Tuesday, December 6, 2011

Virtual Durban: An exercise in sadness

Following the climate talks from afar is turning into a full-time job and an exercise in sadness. No matter how I examine it or what sources I use, the news is not good.

First, the problem is not going away. Even the venerable International Energy Agency says time is running out. The world's authority on all issues associated with energy declared a five year window for meeting any civilization-saving climate goals. The IEA is one of the most conservative sector organizations in the world. So when they warn about the urgency of climate change, I sit up and take notice. CBC's coverage here.

Second, my nation is one of the most obstructionist participants in this climate change conference. Canada pulled out of the Kyoto Protocol yesterday, on the same day that China offered to make concessions. Not a very cooperative stance. Not a good sign for hope of a future global treaty to save humankind. We used to be a world leader in collaborative politics and progressive ideas. By pulling out of the Kyoto Protocol, Canada took the global lead in selfishness. It is ironic that Canada's position seems protectionist. It will ultimately lead to economic stagnation, as we find ourselves outside of international markets when carbon trade barriers block Canadian goods and other nations take advantage of the clean tech economy. Read The Toronto Star's coverage of Canada's intransigence here.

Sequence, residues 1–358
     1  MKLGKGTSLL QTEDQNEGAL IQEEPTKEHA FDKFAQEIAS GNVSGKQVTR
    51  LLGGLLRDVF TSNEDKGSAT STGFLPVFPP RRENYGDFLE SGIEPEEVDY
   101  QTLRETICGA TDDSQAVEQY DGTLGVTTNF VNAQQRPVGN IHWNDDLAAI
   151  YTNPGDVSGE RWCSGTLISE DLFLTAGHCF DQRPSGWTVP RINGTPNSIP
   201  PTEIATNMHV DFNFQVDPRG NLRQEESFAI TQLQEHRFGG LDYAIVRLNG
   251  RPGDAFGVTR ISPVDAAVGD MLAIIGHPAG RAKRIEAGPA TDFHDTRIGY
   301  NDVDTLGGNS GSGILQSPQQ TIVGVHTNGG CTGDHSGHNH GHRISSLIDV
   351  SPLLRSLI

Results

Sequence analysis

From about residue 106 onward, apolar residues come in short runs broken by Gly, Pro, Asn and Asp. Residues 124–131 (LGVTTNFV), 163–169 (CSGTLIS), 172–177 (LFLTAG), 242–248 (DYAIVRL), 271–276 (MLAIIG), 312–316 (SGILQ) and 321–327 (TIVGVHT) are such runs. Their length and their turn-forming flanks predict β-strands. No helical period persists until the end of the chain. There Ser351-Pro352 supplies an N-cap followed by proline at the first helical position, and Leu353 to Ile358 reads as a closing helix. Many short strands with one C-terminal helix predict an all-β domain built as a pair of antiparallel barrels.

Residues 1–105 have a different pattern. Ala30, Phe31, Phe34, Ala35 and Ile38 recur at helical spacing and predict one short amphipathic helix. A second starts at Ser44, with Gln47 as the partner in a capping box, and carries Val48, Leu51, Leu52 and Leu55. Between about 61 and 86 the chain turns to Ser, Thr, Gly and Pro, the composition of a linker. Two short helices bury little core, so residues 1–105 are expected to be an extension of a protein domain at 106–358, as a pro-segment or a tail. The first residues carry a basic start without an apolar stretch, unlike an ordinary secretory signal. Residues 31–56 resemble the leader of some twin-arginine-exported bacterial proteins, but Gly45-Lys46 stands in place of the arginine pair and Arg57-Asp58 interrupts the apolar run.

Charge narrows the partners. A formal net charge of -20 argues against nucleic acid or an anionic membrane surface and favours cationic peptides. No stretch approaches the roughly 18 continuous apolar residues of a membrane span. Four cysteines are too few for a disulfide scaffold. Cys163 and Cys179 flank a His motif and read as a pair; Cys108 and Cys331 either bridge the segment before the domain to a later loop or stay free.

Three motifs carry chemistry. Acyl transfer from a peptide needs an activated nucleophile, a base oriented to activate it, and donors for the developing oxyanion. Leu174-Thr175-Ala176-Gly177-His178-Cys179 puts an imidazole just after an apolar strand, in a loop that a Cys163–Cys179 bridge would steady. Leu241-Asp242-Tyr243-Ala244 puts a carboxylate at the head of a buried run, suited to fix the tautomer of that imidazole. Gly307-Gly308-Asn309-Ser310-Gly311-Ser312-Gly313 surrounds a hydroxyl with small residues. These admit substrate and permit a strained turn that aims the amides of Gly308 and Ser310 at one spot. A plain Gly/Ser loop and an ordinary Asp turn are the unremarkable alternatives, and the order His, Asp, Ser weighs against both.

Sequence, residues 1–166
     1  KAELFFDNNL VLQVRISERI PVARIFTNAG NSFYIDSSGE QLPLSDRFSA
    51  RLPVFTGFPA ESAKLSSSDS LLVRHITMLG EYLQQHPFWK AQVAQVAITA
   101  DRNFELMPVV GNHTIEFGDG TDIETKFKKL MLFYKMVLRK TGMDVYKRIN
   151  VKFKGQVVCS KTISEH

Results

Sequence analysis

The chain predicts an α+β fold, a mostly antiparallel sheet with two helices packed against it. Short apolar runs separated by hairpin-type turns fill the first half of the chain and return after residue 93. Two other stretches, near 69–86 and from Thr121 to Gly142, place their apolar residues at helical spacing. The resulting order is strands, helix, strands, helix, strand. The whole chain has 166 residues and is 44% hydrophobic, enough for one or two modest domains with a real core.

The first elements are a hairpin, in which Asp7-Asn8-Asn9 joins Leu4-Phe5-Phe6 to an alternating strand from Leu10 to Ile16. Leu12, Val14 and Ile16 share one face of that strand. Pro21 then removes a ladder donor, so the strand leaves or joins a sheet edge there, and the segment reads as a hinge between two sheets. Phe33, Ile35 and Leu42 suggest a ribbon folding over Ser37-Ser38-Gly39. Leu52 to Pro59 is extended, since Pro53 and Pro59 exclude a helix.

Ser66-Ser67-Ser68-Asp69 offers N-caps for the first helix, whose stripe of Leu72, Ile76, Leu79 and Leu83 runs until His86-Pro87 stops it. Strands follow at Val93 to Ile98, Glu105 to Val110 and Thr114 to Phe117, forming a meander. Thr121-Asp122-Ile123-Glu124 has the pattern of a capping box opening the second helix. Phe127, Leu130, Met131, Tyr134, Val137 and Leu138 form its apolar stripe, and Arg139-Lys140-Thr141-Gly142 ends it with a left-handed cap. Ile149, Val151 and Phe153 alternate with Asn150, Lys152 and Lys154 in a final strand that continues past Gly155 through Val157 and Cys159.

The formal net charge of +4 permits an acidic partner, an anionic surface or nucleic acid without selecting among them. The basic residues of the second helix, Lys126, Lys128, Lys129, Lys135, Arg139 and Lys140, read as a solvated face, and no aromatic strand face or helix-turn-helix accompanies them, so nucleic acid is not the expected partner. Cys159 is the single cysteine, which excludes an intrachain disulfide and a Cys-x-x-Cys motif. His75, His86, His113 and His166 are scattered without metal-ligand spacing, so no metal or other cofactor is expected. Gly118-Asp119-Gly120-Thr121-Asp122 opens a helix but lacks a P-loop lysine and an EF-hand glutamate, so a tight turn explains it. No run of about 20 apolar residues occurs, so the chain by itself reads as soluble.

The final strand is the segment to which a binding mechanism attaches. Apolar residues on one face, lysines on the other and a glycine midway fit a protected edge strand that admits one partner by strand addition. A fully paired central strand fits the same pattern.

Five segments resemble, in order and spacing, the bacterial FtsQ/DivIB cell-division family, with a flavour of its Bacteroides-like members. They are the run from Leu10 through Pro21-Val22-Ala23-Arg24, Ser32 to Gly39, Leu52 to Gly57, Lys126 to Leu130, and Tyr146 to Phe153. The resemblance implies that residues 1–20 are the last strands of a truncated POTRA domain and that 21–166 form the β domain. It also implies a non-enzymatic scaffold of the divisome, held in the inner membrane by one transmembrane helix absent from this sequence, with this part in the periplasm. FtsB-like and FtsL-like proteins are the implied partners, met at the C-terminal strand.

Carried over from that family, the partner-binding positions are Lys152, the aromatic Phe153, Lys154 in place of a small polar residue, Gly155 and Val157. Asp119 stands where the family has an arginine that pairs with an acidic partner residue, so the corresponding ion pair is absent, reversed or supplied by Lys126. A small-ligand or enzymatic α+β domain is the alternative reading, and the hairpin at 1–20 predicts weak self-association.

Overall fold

Finally, there is the sadness of the realization of the devastation that climate change is wreaking even as I write this. On the eve of the first day of the Durban COP 17 conference, there was a flash flood that destroyed a village, killing ten people very near to the conference site. If the real devastation of a community by climate change on the eve of the conference does not inspire our leaders to make a change, there may be no hope for any of us. Sad to say, greed may be trumping hope. Even more sad that my country may be leading the greed parade. Huffington Post's Heather Libby's account of the flash flood here.

Photo is courtesy of the UNFCCC and depicts signs from the Day of Protest on Saturday.

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